Stephens is the fourth man to sue the Turners Station native, but in November he was the first to make his allegations public.
Clash, 52, has denied all of the allegations. He has said he and Stephens had a relationship after Stephens became an adult. Stephens soon retracted his claim, calling the relationship adult and consensual.
But Miami-based attorney Jeff Herman, who now represents all four men with civil cases against Clash, said Stephens is again claiming that the relationship started when he was underage.
Clash resigned from “Sesame Street” in late November after Cecil Singleton, a 24-year-old New York native, became Clash’s second accuser and the first to file a lawsuit against him. Two other alleged victims followed suit. Their names are identified in complaints only by initials.
All four men making legal claims against Clash say that the sex was consensual but that they were not old enough to legally consent to or comprehend the relationships, which took place in New York and Florida and date back to 1995. Stephens, like all the alleged victims, is seeking damages of more than $75,000.
“All these victims have alleged to me that Kevin Clash was this father figure who offered to help them and groom them with attention and fairly quickly it turned into a sexual relationship,” Herman said.
Michael G. Berger, Clash’s lawyer, called the latest suit meritless like the other claims, which he has sought to dismiss on the basis that he believes the statute of limitations for filing claims in New York has expired. Stephens alleges that he had sexual contact with Clash in New York as well.
In an attempt to avoid any similar argument in Stephens’ case, Herman filed his federal lawsuit in Pennsylvania, where Stephens is from. Alleged victims have until they turn 30 to file a sexual abuse claim under Pennsylvania’s statute of limitations.
Berger questioned Stephens’ story.
“Sheldon Stephens, the plaintiff, has already admitted in writing that he had ‘an adult consensual relationship’ with Mr. Clash,” Berger said in a statement. “Mr. Clash continues to deny any wrongdoing, and we intend to defend this case forcefully.”
Early this month, Berger asked a U.S. District Court judge for the Southern District of New York to throw out the three prior lawsuits, saying the allegations go back a decade or more — beyond the statute of limitations for bringing a civil sexual abuse claim in New York. In New York, Berger wrote in a motion, reparations are limited to six years after the alleged abuse or three years after a person turns 18.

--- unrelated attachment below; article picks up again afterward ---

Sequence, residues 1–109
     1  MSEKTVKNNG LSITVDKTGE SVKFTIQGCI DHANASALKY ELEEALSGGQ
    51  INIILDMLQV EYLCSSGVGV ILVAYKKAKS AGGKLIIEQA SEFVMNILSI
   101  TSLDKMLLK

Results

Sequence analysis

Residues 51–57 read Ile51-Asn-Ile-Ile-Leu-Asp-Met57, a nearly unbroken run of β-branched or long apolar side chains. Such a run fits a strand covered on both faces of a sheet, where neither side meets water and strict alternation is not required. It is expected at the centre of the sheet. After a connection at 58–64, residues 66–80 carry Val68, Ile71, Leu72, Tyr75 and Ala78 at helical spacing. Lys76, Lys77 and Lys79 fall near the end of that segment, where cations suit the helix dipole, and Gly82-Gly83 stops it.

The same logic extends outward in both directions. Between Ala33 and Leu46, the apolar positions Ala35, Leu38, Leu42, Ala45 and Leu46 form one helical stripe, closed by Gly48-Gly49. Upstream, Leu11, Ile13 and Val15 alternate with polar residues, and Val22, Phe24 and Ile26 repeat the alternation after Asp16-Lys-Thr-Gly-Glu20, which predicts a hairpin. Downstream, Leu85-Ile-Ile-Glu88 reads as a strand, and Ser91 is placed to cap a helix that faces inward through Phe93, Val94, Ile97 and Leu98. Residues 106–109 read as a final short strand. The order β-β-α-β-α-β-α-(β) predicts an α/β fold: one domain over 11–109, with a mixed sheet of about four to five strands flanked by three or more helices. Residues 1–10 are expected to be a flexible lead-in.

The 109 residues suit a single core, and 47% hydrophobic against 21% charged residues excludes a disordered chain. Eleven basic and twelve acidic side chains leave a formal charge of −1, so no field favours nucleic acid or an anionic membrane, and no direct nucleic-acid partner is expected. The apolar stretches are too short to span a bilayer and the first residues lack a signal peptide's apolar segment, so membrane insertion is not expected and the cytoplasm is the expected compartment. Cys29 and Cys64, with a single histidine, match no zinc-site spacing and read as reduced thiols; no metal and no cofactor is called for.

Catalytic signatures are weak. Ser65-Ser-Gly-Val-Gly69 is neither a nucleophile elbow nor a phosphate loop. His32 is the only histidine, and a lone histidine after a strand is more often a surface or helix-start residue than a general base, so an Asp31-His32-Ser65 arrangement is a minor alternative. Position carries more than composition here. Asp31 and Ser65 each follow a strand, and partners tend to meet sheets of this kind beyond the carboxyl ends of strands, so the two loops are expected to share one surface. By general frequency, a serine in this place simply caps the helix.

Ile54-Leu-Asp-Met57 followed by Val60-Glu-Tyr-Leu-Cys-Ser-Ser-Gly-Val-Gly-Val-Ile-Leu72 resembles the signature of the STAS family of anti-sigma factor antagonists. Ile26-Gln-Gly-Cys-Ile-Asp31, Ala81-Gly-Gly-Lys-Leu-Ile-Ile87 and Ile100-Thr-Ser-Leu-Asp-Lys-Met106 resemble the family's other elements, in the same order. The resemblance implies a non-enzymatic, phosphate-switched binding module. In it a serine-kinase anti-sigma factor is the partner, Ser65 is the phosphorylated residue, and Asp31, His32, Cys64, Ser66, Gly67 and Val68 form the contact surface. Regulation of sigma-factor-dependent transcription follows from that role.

According to Berger, Singleton lost his right to file a claim after May 2009, while the other two defendants who also filed their claims in New York lost their rights several years before that.
Berger wrote in a legal memo to support his motion that “none of the plaintiffs has any cognizable claim under either of the two possible theories provided for by the statute of limitations.”
Herman said he believes Berger’s motion on “technical grounds” will fail because he interprets New York law to allow alleged victims to seek claims within six years “from the time they connect their injuries to the abuse” or realize they have been victimized.
Stephens, who is 24, claims in his lawsuit that he was 16 when he met Clash at a social networking event for models and actors. Clash told him he would help him with his acting career, the lawsuit stated, and told him to look Clash up on the Internet to see his credentials.
The age of consent in New York is 17.
Clash asked Stephens to send him modeling pictures that he could pass on to people around the industry, and the pair kept in touch over the phone, the complaint said.
“From the earliest conversations,” the lawsuit said, “Clash led Sheldon to believe that he was interested in having a sexual relationship with the teenage Sheldon.”
The suit claims Clash sent chauffeurs to pick Stephens up in Harrison, Pa., and bring him back to his New York apartment, where they had sex.
“This pattern of sexual activity between Kevin Clash and Sheldon continued over a period of years,” the complaint alleged.
On one occasion, a male chauffeur drove Clash and Stephens to the chauffeur’s apartment for a “crystal meth sex party,” according to the lawsuit. When asked about the allegations involving drugs, Berger did not respond.
A previous version of this story incorrectly named the Pennsylviania town to which chauffeurs were sent to collect Stephens.Copyright © 2015, The Baltimore Sun